Even though online publications seem to dominate the field these days (or at least awards ballots) intriguing new print ’zines still appear. Two recent examples are Bourbon Penn and Fusion Fragment. Louis Evans appears again in Bourbon Penn with “Lazaret”, a truly odd story set in an artificial environment that seems like a ship traveling to another planet, but which involves strange monotonous days for the protagonist, running on a treadmill, eating and sometimes having sex with other people while roleplaying either as a wife or a husband, and ambiguous visions of the artificial(?) sun towards which they head. (I was reminded, a bit, of one of Kingsley Amis’s SF short stories, “Something Strange”.) Gregory Norman Bossert is also here with “Appearing Nightly”, a piece about an unusual performance artist from the period between the World Wars, a woman who seems to appear out of nowhere – and do nothing. It’s a piece of true weirdness, hard to describe but worth experiencing.
Fusion Fragment features Alexandra Seidel’s “The Pilgrims of Babble”, cool SF about an immersive virtual reality game and the new language that seems to spontaneously arise among its players. It’s an epistolary story, about the investigation into that language, and its effect on the players who learn it – and then forget their original languages.
C.S.E. Cooney’s novel Saint Death’s Daughter arrives in April, and for those like me who have been anticipating this for some time, Dark Breakers comes out just in time for a nice sample of her work. This collects five linked stories set in the same world (or worlds) as her Tordotcom novella Desdemona and the Deep – a world in which Athe (the human realm) is tenuously linked to two other worlds: Valwode, the realm of the Gentry; and Bana the Bone Kingdom, the realm of goblins. Two stories are expanded versions of novellas I’ve discussed in this column before (“The Breaker Queen” and “The Two Paupers”) and three are brand new. My favorite of these was the longest, “Salissay’s Laundries”, about an investigative journalist, Salissay Dimaguiba, who disguises herself to expose abuses at the Seafall City Laundries where people (mostly women) who are suspected of being infected by the Gentry are sent to have the infection “worked” out of them. Salissay knows that the Gentry are a myth, and is sure that the Laundries are merely a way to get cheap labor out of poor people or people with uncomfortable “differences.” What she finds both confirms part of her beliefs and confounds her other belief – and it’s lovely, extravagant, colorful, passionate – like all of Cooney’s work.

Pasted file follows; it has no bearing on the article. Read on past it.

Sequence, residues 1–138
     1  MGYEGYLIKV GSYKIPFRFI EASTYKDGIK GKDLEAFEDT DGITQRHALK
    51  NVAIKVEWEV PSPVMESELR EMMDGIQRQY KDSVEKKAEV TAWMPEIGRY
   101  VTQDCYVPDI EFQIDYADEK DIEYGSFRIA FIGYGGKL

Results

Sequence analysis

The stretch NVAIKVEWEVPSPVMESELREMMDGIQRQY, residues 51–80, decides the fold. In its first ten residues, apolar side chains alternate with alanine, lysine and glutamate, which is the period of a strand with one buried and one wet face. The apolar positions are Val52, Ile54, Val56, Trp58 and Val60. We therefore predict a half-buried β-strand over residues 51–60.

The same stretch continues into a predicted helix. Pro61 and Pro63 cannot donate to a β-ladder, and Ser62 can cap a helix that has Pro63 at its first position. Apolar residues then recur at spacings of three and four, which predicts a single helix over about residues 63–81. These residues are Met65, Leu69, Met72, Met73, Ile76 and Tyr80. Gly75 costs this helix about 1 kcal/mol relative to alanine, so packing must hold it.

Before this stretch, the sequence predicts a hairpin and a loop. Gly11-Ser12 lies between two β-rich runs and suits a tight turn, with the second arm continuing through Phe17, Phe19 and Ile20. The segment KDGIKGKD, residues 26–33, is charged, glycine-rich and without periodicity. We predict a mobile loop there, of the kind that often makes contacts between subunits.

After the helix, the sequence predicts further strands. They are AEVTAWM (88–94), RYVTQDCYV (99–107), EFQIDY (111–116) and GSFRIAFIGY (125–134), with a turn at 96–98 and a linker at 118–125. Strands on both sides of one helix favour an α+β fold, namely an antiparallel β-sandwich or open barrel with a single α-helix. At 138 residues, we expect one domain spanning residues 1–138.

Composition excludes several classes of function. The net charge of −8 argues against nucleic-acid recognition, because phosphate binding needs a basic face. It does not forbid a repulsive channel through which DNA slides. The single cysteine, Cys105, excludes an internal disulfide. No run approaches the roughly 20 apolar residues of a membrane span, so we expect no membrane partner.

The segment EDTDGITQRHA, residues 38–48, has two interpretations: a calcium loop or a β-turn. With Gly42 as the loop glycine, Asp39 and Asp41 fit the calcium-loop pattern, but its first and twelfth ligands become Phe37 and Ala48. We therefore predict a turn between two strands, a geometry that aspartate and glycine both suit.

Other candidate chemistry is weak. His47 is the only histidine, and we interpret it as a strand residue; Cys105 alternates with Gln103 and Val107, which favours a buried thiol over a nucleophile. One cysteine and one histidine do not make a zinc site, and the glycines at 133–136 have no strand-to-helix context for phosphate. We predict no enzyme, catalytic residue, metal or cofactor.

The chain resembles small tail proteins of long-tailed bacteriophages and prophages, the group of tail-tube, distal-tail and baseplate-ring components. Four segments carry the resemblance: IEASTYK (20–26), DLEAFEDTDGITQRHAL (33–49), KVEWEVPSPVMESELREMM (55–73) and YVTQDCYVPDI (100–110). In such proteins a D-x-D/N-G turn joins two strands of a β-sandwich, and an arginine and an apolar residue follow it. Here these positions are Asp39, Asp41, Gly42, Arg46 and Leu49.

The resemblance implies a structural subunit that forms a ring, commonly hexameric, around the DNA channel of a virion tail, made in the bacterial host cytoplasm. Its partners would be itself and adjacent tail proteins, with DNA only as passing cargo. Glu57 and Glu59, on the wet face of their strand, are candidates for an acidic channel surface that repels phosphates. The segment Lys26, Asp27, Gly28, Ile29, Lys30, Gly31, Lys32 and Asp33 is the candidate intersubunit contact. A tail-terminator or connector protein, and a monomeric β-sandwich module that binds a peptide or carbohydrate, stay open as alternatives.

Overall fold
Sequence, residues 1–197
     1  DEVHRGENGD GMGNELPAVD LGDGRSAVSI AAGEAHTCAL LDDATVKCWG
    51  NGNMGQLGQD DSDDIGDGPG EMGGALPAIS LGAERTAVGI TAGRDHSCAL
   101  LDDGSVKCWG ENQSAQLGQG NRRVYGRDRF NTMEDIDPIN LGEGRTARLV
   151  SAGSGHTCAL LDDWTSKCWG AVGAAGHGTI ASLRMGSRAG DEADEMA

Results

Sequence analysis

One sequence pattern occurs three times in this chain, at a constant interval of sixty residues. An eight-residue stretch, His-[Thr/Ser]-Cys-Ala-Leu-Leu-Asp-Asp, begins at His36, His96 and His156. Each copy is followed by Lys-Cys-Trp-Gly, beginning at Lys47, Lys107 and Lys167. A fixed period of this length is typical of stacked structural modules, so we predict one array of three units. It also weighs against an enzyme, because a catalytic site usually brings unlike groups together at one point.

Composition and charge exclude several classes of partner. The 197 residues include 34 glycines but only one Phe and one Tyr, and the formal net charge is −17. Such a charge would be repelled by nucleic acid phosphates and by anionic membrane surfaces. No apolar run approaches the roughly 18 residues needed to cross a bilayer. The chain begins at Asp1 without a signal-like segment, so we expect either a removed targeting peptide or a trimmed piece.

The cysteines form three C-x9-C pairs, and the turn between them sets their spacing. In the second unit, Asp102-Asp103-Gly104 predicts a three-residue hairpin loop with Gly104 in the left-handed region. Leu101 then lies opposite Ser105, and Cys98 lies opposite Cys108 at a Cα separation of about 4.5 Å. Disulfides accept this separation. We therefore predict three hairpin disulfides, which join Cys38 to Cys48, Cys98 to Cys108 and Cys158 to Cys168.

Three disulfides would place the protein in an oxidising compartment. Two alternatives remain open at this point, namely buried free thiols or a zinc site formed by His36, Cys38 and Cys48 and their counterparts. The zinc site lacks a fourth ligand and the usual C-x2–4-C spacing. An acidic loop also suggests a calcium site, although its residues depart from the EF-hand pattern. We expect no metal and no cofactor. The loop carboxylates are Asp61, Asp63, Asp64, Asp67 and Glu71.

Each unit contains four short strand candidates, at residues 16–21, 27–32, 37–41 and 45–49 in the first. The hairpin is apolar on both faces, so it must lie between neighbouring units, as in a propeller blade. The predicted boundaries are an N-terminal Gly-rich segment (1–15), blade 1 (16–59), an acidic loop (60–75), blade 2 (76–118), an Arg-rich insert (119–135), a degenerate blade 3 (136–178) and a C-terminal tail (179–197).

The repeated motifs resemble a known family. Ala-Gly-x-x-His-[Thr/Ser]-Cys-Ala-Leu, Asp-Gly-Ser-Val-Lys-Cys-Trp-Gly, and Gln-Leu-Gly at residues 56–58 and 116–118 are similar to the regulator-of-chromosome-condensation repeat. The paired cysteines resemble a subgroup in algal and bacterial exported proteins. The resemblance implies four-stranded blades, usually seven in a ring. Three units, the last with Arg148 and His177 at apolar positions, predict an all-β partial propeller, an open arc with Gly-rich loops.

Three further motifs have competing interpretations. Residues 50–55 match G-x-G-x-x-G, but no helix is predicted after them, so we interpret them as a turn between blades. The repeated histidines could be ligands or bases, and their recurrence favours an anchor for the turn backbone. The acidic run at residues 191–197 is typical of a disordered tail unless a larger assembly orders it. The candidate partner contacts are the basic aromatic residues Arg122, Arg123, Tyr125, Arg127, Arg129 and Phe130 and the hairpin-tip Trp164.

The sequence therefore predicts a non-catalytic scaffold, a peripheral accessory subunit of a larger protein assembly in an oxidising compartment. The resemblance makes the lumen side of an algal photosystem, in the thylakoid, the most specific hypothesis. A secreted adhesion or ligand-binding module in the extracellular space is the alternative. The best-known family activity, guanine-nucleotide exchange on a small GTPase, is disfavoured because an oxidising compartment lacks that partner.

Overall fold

That’s it, then! Time to say (temporary!) farewell to all of you Locus readers! Thanks for reading me, thanks much more for being interested in short SF! For all the changes in the marketplace (some welcome, some less great) and all the changes in the creators (all welcome!) the field of SF remains vibrant and exciting, and short fiction often leads the way. I’ve loved writing about it for these past twenty years. I’ve been introduced to some really exciting stuff, I’ve had the chance to promote, even reprint, some marvelous work, and I’ve made a great many friends. (Two of whom, full disclosure, are reviewed here: Benjamin C. Kinney and C.S.E. Cooney.) I’m not leaving the field, just changing my focus. I hope to keep finding new wonders and keep meeting new friends!
“Salissay’s Laundries”, C.S.E. Cooney (Dark Breakers)
“Lazaret”, Louis Evans (Bourbon Penn 12/21)
“The Pilgrims of Babble”, Alexandra Seidel (Fusion Fragment 11/21)
This review and more like it in the February 2022 issue of Locus.
While you are here, please take a moment to support Locus with a one-time or recurring donation. We rely on reader donations to keep the magazine and site going, and would like to keep the site paywall free, but WE NEED YOUR FINANCIAL SUPPORT to continue quality coverage of the science fiction and fantasy field.
©Locus Magazine. Copyrighted material may not be republished without permission of LSFF.